This month’s theme of the Festival of the Trees is “The Magic of Faerie Trees.” Hosted by Salix of Windy Willow, it is an interesting if bewitching topic. If you are into magic and fairies, fine. If you are not, what can you say about mystery or magic in a tree?
On the other hand, how is it that the olive tree is capable of living thousands of years? Is there magic involved? With its strong roots surviving underground, even when the trunk looks dead, the olive tree can make a claim to magic – though less so to mystery, if the strong roots explain its longevity! Then there is its outstanding beauty: its silvery foliage, almost like a whispering cloud, fused with its ragged, gnarled, twisted trunk, providing a unique image. This tree has so many associations for me that I decided to find a space for it in my second novel, When the Colours Sing. An olive tree in pre-alpine Bavaria! We’ll see how this strand is going to develop. But first things first.
There is the lemon tree (for which I made space in my first novel, Alexandrias 40: In the Shade of the Lemon Tree) to talk about. Glossy foliage, waxy, white-purple flowers, divine fragrance, fruit to grace any table, book or poem!
Lemon trees are said to have originated in Asia and spread in the Mediterranean regions after Alexander the Great’s soldiers brought them back from India. They are treasured trees in the Mediterranean lands. They are as important as olive trees and vines. They are vital to the health and well-being of the people living in those lands, as they have numerous medicinal, hygienic, cooking and culinary uses. From the abundant vitamin C, to the taste-enhancing addition to salads, soups, and various dishes, to decorative and aesthetic uses, to the perfume industry, lemons are most versatile.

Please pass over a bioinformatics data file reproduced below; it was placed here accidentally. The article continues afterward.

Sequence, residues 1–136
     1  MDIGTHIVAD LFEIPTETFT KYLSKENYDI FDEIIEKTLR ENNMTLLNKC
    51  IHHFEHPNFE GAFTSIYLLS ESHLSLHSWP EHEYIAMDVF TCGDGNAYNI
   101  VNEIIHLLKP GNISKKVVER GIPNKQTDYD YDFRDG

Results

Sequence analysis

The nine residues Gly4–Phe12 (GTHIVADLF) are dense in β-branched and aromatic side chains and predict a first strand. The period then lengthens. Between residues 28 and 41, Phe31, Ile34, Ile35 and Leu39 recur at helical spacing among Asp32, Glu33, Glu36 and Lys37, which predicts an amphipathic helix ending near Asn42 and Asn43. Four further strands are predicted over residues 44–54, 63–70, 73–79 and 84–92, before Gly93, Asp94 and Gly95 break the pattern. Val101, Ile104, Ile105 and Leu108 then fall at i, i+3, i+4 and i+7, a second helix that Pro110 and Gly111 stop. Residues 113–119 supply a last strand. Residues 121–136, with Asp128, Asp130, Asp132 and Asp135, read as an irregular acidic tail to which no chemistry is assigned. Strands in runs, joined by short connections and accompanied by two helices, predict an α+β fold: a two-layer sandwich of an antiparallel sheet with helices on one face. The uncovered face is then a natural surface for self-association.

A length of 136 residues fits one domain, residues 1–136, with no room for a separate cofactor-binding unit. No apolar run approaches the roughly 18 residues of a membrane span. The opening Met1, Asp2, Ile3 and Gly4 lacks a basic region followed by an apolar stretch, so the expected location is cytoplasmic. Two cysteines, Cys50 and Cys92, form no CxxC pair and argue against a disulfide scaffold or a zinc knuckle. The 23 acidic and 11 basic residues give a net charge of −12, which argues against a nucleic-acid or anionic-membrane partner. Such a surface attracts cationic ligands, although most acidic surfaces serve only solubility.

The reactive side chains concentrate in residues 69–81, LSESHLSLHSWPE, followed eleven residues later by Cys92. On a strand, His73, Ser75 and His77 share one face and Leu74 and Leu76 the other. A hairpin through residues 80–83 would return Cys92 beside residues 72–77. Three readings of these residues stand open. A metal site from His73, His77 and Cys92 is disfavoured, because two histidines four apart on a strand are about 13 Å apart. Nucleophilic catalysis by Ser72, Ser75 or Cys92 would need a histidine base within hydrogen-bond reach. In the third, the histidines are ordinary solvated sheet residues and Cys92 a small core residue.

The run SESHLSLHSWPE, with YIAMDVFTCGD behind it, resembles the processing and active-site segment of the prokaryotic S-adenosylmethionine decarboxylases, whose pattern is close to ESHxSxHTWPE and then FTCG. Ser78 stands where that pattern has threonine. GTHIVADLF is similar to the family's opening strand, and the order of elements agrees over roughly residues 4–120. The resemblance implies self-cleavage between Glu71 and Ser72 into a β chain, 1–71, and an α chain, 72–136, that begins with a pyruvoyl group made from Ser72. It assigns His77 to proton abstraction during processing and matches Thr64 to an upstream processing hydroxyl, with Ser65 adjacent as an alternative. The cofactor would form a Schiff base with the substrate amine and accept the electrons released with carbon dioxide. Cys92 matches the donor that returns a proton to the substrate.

In Northern Europe and America, there are additional associations which emphasize the lemon’s bitter taste, as in the expression “when life gives you lemons,” or the “lemon car,” referring to a defective, multi-flaw car. In a painting by Paolo Morando, The Virgin and Child, Saint John the Baptists and an Angel, Christ as a child is being offered a lemon, an act frequently associated with learning a variety of tastes and therefore being weaned off baby food.
In this sense, the lemon bridges opposites in taste (bitter-sweet), between cultural perceptions, and generations (weaning the baby off baby food). Is that a clue for interpreting the Italian, unknown artist’s painting Man and Wife, in the National Gallery of London, which has a lemon tree as a background?
Readers’ Digest lists 34 uses for the lemon. In Alexandrias 40: In the Shade of the Lemon Tree, there is a whole number of other uses – some surprising ones – for the lemon. But please note: try them at your own risk!
(Forthcoming: Alexandrias 40: In the Shade of the Lemon Tree: www.voxhumana-books.com)
18 November 2010